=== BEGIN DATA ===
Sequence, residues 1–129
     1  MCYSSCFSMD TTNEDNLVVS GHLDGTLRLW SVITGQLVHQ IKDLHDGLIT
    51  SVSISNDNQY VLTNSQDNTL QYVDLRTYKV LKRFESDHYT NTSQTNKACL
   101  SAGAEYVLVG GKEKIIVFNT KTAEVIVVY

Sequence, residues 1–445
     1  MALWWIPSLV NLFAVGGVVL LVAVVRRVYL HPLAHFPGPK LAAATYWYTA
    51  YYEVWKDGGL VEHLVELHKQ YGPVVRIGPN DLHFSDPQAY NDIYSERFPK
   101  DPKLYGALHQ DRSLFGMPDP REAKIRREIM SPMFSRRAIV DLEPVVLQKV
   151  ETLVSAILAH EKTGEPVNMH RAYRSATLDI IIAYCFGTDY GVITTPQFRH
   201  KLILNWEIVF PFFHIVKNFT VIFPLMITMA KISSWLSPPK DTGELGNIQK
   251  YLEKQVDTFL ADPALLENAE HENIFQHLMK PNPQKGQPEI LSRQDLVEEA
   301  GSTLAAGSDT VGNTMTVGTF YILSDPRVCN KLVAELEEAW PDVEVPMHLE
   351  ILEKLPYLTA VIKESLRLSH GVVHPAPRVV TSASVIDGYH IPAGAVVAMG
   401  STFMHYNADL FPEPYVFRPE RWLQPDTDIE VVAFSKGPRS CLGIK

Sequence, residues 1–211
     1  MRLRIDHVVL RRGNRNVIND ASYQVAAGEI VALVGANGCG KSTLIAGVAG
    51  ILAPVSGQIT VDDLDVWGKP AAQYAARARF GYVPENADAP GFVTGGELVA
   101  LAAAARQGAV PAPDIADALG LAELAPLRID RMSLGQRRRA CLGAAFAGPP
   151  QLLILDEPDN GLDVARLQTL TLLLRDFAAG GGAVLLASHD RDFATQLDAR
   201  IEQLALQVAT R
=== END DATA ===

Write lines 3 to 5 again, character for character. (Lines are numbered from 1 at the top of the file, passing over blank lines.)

    51  SVSISNDNQY VLTNSQDNTL QYVDLRTYKV LKRFESDHYT NTSQTNKACL
   101  SAGAEYVLVG GKEKIIVFNT KTAEVIVVY

Sequence, residues 1–445